New Wealth Tax?

Posted on August 19, 2011. Filed under: Economy, Reparations, Transformation |

Kate Lefko-Everett

Over the last week or so, IJR Patron and Archbishop Emeritus Desmond Tutu has provoked a national conversation on the prospect of a ‘wealth tax’ imposed on affluent white South Africans, which he suggests would advance ubuntu and reconciliation while contributing to ‘the national effort to uplift the poor’. (more…) In an article in the Cape Times this morning, he traces this proposal to the 1998 recommendations of the Truth and Reconciliation Commission (TRC) in which ‘the idea of a tax for whites, as a form of reparation, [was] raised’.

Interestingly, this recommendation has come at a time when the global economy has suffered a further round of serious instability, South African labour strikes for wage increases have again become acrimonious, and American billionaire Warren Buffett has called on the US government to ‘stop coddling the super-rich‘ and ‘get serious about shared sacrifice’.

Tutu’s recommendation has been met with both firm support and staunch opposition. The FW de Klerk Foundation, for example, has described it as contradictory to the constitutional principle of non-racialism, and raises the following questions:

‘Would whites who opposed apartheid be expected to pay the same as those who supported it? Would there be different tax scales for whites who supported the ANC, the DP and the old National Party? And what about the many blacks who held well-paid positions in homeland governments?’

The Freedom Front + has called the proposal ‘racist and thoughtless‘.

However, proponents have also emerged including law professor Pierre de Vos, who has challenged the constitutional argument put forth by the FW de Klerk Foundation. Further, de Vos has described Tutu’s proposal as

‘…an important and welcome idea that must be supported by all right-thinking South Africans with even a smidgen of a conscience or common sense… Why not impose such a tax of — say — 2% or 3% of one’s annual income for a period of a year or two and then divert that tax into a special fund, administered by a respected panel of experts with the brief of funding and administering projects that would begin to address the shockingly bad facilities at many government schools frequented by the poorest of our citizens — a state of affairs indisputably caused by apartheid.’ (full article)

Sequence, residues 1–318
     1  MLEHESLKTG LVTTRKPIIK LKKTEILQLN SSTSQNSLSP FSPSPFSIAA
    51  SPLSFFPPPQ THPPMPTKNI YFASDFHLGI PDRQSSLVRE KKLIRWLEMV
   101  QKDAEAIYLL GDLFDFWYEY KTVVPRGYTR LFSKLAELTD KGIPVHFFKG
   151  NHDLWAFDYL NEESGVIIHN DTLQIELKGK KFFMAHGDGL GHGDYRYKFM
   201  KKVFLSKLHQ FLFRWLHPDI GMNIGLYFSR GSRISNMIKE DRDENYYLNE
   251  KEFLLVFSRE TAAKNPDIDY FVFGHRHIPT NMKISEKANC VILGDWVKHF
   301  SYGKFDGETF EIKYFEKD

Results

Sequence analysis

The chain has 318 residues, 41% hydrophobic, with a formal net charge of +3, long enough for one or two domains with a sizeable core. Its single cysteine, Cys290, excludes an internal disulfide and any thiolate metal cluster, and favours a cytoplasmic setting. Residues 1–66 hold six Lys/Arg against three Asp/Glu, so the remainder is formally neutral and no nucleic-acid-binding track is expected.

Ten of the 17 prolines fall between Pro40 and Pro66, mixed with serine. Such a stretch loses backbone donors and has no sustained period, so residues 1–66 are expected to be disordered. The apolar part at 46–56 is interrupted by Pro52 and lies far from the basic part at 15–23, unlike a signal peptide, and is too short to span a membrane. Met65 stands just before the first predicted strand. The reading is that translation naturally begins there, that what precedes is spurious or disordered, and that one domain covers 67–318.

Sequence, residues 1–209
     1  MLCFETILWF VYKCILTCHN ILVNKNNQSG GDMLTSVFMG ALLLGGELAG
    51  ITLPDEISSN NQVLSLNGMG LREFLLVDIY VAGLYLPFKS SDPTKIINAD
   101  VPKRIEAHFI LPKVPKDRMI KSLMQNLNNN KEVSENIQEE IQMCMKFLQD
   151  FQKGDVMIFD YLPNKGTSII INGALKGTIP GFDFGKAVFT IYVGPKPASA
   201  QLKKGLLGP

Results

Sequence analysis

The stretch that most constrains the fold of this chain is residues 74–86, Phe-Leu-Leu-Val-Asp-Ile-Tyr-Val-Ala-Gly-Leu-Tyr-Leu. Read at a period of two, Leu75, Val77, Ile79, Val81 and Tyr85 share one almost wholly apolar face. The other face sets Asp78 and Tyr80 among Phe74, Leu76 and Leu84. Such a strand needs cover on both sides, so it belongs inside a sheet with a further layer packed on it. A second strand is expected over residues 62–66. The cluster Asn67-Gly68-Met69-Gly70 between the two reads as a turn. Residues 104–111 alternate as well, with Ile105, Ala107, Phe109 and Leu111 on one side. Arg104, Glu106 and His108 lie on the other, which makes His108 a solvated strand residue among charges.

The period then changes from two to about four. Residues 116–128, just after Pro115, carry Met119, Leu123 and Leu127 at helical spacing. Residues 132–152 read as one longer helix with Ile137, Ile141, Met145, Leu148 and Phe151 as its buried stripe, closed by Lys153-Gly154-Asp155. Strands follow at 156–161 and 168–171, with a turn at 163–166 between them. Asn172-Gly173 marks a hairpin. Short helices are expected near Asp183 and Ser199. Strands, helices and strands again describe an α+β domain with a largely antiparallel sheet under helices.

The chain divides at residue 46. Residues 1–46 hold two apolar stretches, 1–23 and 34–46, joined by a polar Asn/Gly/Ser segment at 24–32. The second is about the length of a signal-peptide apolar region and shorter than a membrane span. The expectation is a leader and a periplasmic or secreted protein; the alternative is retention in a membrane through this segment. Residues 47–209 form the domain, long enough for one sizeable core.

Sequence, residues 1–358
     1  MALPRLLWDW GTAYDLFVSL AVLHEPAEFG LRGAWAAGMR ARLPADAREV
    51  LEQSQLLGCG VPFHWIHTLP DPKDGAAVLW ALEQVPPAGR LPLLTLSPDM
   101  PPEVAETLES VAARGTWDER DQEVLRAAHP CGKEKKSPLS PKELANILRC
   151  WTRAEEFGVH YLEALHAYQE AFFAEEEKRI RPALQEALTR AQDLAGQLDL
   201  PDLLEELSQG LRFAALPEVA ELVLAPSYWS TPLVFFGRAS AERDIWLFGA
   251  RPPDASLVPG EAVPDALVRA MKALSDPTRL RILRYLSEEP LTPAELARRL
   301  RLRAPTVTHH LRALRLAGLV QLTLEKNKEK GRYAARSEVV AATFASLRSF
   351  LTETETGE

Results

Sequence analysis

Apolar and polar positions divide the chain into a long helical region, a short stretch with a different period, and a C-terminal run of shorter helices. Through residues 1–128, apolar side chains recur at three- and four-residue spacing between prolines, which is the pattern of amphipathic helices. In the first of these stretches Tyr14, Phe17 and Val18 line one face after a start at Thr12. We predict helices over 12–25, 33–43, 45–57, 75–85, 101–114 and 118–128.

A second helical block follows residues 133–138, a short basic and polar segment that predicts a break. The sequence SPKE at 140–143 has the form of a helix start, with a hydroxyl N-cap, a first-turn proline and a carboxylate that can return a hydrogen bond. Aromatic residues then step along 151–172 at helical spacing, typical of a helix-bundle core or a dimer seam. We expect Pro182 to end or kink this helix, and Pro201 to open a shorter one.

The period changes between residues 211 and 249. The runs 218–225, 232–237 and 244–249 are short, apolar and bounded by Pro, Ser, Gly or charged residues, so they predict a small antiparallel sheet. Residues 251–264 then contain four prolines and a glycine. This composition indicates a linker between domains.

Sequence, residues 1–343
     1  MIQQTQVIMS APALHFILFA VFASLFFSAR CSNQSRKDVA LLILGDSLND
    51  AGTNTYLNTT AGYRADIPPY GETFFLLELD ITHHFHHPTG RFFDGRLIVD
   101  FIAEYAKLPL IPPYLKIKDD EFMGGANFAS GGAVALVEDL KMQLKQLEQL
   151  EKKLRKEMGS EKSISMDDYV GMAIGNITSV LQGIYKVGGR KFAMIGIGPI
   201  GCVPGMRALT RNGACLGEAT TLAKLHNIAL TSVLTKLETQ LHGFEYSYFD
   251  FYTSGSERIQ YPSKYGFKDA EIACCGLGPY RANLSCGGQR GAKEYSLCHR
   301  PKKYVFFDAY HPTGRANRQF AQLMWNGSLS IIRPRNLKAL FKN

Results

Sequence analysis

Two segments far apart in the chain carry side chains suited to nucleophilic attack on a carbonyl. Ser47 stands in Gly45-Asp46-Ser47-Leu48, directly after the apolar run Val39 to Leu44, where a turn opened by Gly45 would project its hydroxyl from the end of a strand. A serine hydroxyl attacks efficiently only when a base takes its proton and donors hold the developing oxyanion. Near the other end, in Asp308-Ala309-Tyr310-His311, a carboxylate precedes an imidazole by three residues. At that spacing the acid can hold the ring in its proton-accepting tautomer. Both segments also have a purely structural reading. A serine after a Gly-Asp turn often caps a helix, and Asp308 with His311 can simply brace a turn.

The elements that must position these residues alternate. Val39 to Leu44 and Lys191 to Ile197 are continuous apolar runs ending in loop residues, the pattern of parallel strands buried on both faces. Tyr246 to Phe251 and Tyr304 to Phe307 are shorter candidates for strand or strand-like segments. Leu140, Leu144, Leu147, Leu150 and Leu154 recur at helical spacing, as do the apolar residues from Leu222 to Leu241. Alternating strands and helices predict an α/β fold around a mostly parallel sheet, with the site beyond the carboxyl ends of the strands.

Issues of apartheid reparations, redress, economic transformation and poverty eradication all lie at the heart of this conversation.

Irrespective of your position on Tutu’s proposed wealth tax, few among us can disagree with his assessment that South Africa continues to be ‘a society of fantastic wines and restaurants and expensive tastes in automobiles, wrist watches and real estate‘ for some, while millions of others continue to live in poverty. The South African Child Gauge 2010/2011 reports that as of 2009, 60.5% of South African children (about 11,252,000) lived in poverty, in households with a monthly per capita income of less than R552.

Meanwhile, according to Statistics South Africa’s 2005/06 Income and Expenditure Survey, at that time the most affluent 10% of the population had a shared income of R381 billion, compared to R1.1 billion among the least affluent.

Following the conclusion of the TRC, a President’s Fund was established under the Promotion of National Unity and Reconciliation Act (Act No 34 of 1995), which is intended to provide support for survivors of apartheid gross human rights violations and for community rehabilitation. This Fund had accumulated close to one billion rand by March 2010. (President’s Fund Annual Report)

While the reparations through the President’s Fund are important and should be considered carefully, is it worth thinking about how much more could be achieved with an additional 1% tax on the income of our wealthiest 10%?